It’s dark inside today, but the afternoon light pushes through the cracks in the front door, making pale triangles of yellow on the floor. It smells musty too, like old wood and moss, but over the last couple of months I’ve made it quite homey—with blankets on the floor and one to wrap around me when it’s cold like today. There’s a small cupboard that I found discarded on the beach one day and managed to drag inside. This is where I keep my stash—Coke, sweets, matches, cigarettes (if I have any), pens, paper, and playing cards. I play solitaire if I’m bored, but mostly I sit and listen to the wind and rain outside. Sometimes the fog makes its way inside.
My stock needs replenishing. I unwrap the last Mars bar and eat it as slowly as possible, trying to remember the details of the flashing images I saw at the Point, wondering if they contain any new information about what happened the day Eddie disappeared.
It’s not that I don’t know what happened—I remember the whole day—it’s just that there are a few black spots in my memory. I can’t remember what Eddie and I were talking about right before he disappeared—our last conversation together, his last conversation ever. And the moments after I realized he was gone are hazy. During the Laryngitis Year, I tried to work it all out—I even drew maps of the Point and tried to place everyone, but I ended up more confused. I don’t know why my brain wants to remember now, but I think it must be something to do with Eddie being around so much.
I make a list of the facts.
Things I know about that day:
1. Mum was at home making our chocolate birthday cake.
2. Dillon was swimming with the dolphins.
3. Eddie and I were wading close to shore.
4. One minute Eddie was there, and then he was gone.
5. Dad was supposed to be on the beach, but I couldn’t see him.
6. Mum arrived later after the police called her.
7. I collapsed and Dad came to get me.
8. All my memories are tinged with a blue haze.
I remember the morning. We opened our birthday presents after breakfast. Eddie got a remote control helicopter, which he crashed within a couple of minutes, and I got a new football, a real leather one. It was a bit drizzly and windy outside so we dribbled it around the living room until Eddie smashed a glass on the coffee table and Mum got really cross. Eddie had a tantrum because he didn’t want to wear the blue T-shirt. Blue wasn’t his favorite color anymore, but his red T-shirt had a big rip in it. And then Mum told Dad to take us to Rosemarkie beach to get us all out of her hair.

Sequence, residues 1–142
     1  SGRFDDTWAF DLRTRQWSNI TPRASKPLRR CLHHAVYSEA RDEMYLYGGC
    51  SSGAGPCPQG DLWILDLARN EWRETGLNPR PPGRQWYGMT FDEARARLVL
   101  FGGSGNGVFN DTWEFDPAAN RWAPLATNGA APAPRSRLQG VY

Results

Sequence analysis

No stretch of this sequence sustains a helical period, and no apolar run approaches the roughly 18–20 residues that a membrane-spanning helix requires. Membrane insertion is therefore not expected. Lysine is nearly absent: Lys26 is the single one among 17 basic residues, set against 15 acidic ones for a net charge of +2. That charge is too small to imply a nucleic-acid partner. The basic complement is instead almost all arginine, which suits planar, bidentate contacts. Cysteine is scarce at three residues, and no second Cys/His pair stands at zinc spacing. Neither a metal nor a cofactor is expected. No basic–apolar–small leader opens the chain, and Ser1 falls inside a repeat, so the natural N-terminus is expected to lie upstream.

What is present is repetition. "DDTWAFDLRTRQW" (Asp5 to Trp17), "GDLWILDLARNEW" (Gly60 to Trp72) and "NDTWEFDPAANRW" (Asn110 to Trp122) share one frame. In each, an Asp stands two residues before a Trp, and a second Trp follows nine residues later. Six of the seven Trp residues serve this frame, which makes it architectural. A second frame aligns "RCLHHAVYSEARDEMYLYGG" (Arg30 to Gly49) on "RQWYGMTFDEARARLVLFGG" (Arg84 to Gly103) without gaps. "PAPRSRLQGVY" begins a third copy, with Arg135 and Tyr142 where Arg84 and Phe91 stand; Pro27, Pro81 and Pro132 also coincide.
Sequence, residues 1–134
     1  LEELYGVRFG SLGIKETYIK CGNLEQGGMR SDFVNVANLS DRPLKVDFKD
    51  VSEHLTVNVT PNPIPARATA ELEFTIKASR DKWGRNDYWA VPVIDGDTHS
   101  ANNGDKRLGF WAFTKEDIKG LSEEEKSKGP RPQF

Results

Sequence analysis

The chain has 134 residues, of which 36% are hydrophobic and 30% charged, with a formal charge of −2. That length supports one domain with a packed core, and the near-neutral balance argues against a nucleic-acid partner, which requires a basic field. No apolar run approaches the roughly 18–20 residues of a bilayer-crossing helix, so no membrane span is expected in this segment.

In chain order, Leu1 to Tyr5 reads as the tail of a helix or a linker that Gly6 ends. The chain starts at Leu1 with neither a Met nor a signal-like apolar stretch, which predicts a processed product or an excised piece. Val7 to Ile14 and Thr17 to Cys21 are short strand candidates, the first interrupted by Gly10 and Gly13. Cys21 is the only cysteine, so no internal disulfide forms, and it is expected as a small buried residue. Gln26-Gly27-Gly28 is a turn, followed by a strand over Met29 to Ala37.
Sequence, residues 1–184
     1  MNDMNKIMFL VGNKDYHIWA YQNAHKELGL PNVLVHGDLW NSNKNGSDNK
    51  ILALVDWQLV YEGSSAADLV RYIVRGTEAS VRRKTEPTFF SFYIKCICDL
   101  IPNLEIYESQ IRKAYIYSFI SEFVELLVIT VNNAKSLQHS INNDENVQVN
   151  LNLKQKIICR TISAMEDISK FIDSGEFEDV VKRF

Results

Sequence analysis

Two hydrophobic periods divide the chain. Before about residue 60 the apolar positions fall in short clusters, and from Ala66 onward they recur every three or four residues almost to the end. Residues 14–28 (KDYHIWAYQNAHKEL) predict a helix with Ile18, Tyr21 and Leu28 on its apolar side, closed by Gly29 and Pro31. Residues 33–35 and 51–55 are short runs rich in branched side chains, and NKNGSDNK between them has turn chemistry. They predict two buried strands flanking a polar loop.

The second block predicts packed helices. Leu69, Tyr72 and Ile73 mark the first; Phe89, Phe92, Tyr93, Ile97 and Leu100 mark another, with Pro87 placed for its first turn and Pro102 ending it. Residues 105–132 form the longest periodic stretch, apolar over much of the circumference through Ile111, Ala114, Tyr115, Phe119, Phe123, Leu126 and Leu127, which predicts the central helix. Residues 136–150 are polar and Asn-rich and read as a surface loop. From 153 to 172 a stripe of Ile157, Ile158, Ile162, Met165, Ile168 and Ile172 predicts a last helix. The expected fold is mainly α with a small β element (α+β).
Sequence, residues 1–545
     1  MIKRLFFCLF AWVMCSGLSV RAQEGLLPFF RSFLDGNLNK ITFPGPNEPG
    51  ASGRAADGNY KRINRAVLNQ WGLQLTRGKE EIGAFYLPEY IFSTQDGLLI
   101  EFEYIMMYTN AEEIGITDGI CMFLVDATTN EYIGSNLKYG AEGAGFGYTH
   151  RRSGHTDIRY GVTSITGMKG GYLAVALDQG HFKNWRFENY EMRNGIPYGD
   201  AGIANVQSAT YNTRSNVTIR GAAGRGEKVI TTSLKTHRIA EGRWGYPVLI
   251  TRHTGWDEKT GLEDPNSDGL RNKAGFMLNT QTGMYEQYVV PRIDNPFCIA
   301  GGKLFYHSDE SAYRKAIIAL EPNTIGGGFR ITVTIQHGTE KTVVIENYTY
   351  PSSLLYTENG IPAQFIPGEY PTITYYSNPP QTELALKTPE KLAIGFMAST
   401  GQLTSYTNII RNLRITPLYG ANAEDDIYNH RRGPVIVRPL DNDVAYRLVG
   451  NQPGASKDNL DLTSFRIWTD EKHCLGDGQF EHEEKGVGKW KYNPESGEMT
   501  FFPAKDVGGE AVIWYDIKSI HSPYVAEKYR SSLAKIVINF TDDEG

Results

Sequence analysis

Rosemarkie is the village next to Fortrose—it’s beautiful and old and has the best beach and the best ice cream on the Black Isle. But Eddie really wanted to go to Chanonry Point to see the dolphins. Dillon was on Eddie’s side because he liked swimming around the Point—the strong currents were good practice apparently, and he had a swimming competition coming up that he was determined to win. Dillon was already the Black Isle 1km open water champion—he wanted to be the Highlands champion too.
We were just leaving when the phone rang. Dad answered it, and it was my friend Emily’s mum saying Emily was too sick to come to our party later. I got in the car in a sulk and no longer cared about the ice cream. It was too cold anyway.
After a little while, I wonder if anyone at home has noticed that I’m not there. Sometimes I feel invisible, like a wisp of air that tickles the back of someone’s neck before they close the window to block the draft.
I’m about to head home when the panel door creaks open. I hold my breath and move back into the corner. It better not be my dad.
“Hello?” a voice calls from outside.
The voice is young.
“Someone in here?”
Then a face appears. A boy with floppy brown hair and a bit of stubble. He has a hand-rolled cigarette hanging from his mouth.
“Ah, I knew there was someone in here.” He climbs through the panel and walks toward me. My pulse races as I start to gather my things.
“Don’t leave on my account,” he says, and sits beside me, stretching his long legs out along the concrete floor. The bottoms of his black jeans are scuffed, and when I see the sunglasses in his hand I realize he’s the boy in the hoody from the boat.
“Who are you?” I ask, hoping the quiver in my voice isn’t too obvious.
He lights up, and it’s not just a cigarette. The boathouse fills with a thick fog and the fumes get in the back of my throat, sickly and sweet.
“Tavey McKenzie,” he says as he exhales. “Call me Tay. You like to smoke?” He holds the joint out to me, smiling.
I’ve never smoked a joint before, but the other S4s smoke behind the school field all the time. They are much nicer to me in the afternoon, patting me on the shoulder, smiling, and sometimes even offering me a cigarette. I never take one, though. I don’t want to owe anyone.